Letters: Stockbridge backs Accies development

Edinburgh Accies are at the centre of a tug-of-war over their Stockbridge home. Picture:  Ian Georgeson
Edinburgh Accies are at the centre of a tug-of-war over their Stockbridge home. Picture: Ian Georgeson
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Have your say

I read with interest James Simpson’s offer “to work with the Accies to bring forward other ideas for a solution which can be achieved with the consent and support of the whole community” (Letters, June 11).

I believe Mr Simpson was involved with the previous development proposal for Edinburgh Accies.

This was for the extension of the Raeburn House Hotel, then owned by Festival Inns, using ground belonging to Accies, in return for a new clubhouse and facilities for players, plus provision of an income stream.

The council was “minded to grant” that scheme and in all probability it would now be fully operational but for the untimely and unfortunate demise of Festival Inns.

That development did not have the backing of the whole community, yet Mr Simpson apparently had no qualms about being instrumental in trying to bring it to fruition. And he claims he will happily work to promote an as yet unspecified, alternative scheme. A cynic might be forgiven for wondering if Mr Simpson’s beef with the current scheme is his own lack of involvement.

There are many local residents and businesses supporting the proposed development.

They believe it will actually be good for Stockbridge by enhancing the Comely Bank end of the main street, providing community facilities, allowing the continued provision of the excellent youth programme run by BATs, preserving the playing fields and open space, offering first class sporting facilities and creating a “destination” tourist and shopping attraction that will increase footfall to the whole of Stockbridge.

Mr Simpson claims to be anxious about the survival of the existing shops in Stockbridge. Surely increased footfall can only benefit these businesses? I believe this is the basic economic principle of the multiplier effect.

Perhaps it is an understanding of this effect that resulted in the noticeable absence of one of Mr Simpson’s posters from the windows of some of Stockbridge’s best loved shops, such as the fishmonger, the butcher and the oldest deli.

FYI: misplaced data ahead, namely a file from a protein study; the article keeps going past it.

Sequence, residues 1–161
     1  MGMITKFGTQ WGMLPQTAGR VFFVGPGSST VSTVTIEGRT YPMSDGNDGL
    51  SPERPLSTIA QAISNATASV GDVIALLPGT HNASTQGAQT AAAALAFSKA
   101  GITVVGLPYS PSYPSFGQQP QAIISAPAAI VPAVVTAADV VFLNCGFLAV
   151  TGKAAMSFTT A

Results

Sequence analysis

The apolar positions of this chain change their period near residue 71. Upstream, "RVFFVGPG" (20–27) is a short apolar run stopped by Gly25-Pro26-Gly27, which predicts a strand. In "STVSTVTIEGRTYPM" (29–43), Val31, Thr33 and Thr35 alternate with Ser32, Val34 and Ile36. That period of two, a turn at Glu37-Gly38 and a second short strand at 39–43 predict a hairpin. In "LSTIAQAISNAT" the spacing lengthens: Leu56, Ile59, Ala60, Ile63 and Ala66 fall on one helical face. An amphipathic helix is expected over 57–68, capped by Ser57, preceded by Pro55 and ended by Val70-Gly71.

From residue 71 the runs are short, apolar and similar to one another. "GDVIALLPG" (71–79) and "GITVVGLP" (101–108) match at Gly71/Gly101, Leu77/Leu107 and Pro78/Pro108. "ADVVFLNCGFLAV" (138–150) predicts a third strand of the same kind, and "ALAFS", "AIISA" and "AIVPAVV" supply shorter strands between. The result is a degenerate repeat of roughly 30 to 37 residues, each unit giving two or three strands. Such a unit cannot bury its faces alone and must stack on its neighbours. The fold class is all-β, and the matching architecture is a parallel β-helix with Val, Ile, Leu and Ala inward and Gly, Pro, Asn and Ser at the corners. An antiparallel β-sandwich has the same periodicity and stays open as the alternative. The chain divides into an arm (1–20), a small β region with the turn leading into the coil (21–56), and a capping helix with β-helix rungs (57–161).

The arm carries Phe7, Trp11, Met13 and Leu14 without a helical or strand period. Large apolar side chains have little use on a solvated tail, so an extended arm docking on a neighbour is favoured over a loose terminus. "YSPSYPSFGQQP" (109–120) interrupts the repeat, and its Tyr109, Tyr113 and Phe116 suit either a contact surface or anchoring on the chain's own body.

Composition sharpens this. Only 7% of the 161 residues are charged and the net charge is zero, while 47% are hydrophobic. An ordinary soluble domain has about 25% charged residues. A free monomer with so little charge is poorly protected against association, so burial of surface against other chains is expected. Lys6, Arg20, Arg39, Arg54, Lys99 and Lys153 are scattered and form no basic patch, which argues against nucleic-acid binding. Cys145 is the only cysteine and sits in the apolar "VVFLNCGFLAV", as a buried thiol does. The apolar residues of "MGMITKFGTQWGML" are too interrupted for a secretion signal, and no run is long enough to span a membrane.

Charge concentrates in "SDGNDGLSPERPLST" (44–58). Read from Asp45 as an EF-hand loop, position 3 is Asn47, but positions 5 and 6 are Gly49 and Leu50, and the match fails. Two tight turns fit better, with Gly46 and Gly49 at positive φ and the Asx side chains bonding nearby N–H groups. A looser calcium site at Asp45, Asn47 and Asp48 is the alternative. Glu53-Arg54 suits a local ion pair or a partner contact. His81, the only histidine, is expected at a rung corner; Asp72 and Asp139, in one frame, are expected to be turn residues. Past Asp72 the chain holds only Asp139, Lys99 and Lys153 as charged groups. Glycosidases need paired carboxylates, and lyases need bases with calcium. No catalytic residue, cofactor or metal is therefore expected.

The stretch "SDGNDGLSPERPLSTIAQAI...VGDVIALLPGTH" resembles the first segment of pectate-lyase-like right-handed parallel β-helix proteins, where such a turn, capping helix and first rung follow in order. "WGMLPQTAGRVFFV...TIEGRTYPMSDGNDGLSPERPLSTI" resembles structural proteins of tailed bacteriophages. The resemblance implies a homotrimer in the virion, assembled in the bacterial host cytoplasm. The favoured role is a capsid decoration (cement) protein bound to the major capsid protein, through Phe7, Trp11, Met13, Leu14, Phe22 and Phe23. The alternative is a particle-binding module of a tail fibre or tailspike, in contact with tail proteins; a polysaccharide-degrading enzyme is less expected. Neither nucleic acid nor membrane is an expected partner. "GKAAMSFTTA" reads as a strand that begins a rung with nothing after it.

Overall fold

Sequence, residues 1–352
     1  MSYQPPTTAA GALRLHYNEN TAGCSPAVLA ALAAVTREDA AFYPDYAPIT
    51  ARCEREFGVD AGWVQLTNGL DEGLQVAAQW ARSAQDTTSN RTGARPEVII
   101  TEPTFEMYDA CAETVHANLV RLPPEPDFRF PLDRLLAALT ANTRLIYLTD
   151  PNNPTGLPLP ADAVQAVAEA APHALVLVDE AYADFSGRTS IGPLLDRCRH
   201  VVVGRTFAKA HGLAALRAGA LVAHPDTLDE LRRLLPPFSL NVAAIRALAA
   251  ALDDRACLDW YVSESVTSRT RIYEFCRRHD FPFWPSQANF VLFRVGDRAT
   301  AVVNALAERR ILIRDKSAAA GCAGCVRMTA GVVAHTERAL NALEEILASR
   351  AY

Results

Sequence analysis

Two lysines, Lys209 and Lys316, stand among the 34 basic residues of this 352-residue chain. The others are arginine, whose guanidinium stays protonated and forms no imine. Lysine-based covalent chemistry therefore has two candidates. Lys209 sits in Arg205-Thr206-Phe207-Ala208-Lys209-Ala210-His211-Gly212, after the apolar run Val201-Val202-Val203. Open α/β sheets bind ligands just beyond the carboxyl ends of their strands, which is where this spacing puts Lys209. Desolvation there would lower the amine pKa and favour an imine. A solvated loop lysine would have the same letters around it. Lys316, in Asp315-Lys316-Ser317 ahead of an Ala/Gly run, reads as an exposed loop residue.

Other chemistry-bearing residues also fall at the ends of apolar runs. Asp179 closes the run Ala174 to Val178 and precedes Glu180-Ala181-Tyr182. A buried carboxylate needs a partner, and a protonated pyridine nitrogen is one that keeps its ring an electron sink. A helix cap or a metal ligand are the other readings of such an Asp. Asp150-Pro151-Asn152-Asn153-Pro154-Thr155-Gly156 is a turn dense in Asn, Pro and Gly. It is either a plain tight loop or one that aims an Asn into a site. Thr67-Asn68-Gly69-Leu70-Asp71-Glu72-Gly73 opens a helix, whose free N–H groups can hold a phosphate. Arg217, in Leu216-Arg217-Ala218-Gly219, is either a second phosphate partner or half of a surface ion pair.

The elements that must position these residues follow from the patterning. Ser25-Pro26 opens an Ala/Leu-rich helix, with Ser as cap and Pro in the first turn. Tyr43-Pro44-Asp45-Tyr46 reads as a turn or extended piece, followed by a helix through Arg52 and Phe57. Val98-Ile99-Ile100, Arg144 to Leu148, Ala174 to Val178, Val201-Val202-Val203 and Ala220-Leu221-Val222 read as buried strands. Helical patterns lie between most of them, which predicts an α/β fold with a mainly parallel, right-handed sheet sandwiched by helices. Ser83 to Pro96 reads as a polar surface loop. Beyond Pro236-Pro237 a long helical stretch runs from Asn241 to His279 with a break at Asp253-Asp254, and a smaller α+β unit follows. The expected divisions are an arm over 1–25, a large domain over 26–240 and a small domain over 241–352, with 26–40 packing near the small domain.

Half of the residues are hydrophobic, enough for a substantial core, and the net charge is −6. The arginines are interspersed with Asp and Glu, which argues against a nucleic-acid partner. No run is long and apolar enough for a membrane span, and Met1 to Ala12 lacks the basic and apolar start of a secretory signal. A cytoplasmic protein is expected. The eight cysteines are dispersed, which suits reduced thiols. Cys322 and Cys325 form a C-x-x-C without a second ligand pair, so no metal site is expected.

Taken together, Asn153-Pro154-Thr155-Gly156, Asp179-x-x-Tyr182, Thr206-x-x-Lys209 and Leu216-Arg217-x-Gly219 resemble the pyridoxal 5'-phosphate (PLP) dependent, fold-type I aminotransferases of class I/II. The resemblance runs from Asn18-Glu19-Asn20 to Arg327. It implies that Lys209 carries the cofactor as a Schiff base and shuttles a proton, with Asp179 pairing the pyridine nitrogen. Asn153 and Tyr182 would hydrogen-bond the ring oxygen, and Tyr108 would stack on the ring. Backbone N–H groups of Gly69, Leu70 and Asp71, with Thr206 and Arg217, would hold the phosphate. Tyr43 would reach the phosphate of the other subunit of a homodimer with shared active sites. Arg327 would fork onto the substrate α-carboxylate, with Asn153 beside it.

Is it time for Mr Simpson to accept that large parts of his community think the current proposals are highly desirable?

Louise Hodgson, Malta Terrace, Edinburgh

Shining a light on electricity claims

If the city council and other local authorities get “100 per cent” of electricity from renewable sources (Critics trash council vision for electricity from rubbish, News, June 12), where does their electricity come from when these sources are not generating, which is most of the time?

Steuart Campbell, Dovecot Loan, Edinburgh

Fighting hard for the Engine Shed’s future

As a member of the city council’s economy committee, I am very pleased that more time is to be taken to consider a new system which threatened the Engine Shed and other employment and training services for disabled people (News, June 13).

I’ve been using the Engine Shed for events for more than 20 years and I can attest to it baking the best biscuits in the Capital. Much more significantly, of course, is its role in providing a springboard for enthusiastic young people who need support to get into training or work.

The council’s review of services for disabled people highlighted the value of a more streamlined approach to those services. But I’ll certainly be arguing that the council uses the breathing space until September to look at better co-ordination while still recognising the providers which people know and love.

Councillor Gavin Corbett, Green economy spokesperson

Estate also frustrated over public access

I WRITE with reference to the article Rubble and Strife (News, June 6) which presents a serious misrepresentation of the facts.

The removal of access for local Kirkliston residents is not as a result of the actions of Hopetoun Estate, as your article incorrectly states, but that of the developer, Inverdunning Ltd, which closed off the safe access route which has been in place for over five years.

Hopetoun Estate is keen to come to an agreement on the sale of the land to allow this development to proceed, with the benefit of creating a high quality public access as detailed in the planning permission.

Unfortunately, the developer has stepped away from the negotiation table and is using other methods, such as the removal of access, to force our hand.

We share the community’s frustration that such actions have impacted on the lives of local residents and have made contact with Kirkliston Community Council to discuss a way forward.

Donald Noble, chief executive, Hopetoun Estate

Capital must help to save Mosque KItchen

I WAS shocked and saddened to learn of the raid by the UK Border Agency on the Mosque Kitchen, the famous eatery that has provided countless meals for hungry students (News, May 17).

The Mosque Kitchen employs a large workforce, taking many people away from the job centre.

I am sure the management have learned their lesson and instead of paying the massive £70,000 fine, I know they are quite willing to make a large donation to a suitable Muslim charity.

If not, the Mosque Kitchen is in danger of closing.

Edinburgh must make an effort to save the Mosque Kitchen as it is a cultural entity that bridges the gaps between communities, bringing them closer together. It brings understanding and helps local communities of different faiths.

M Ashraf, Home Street, Edinburgh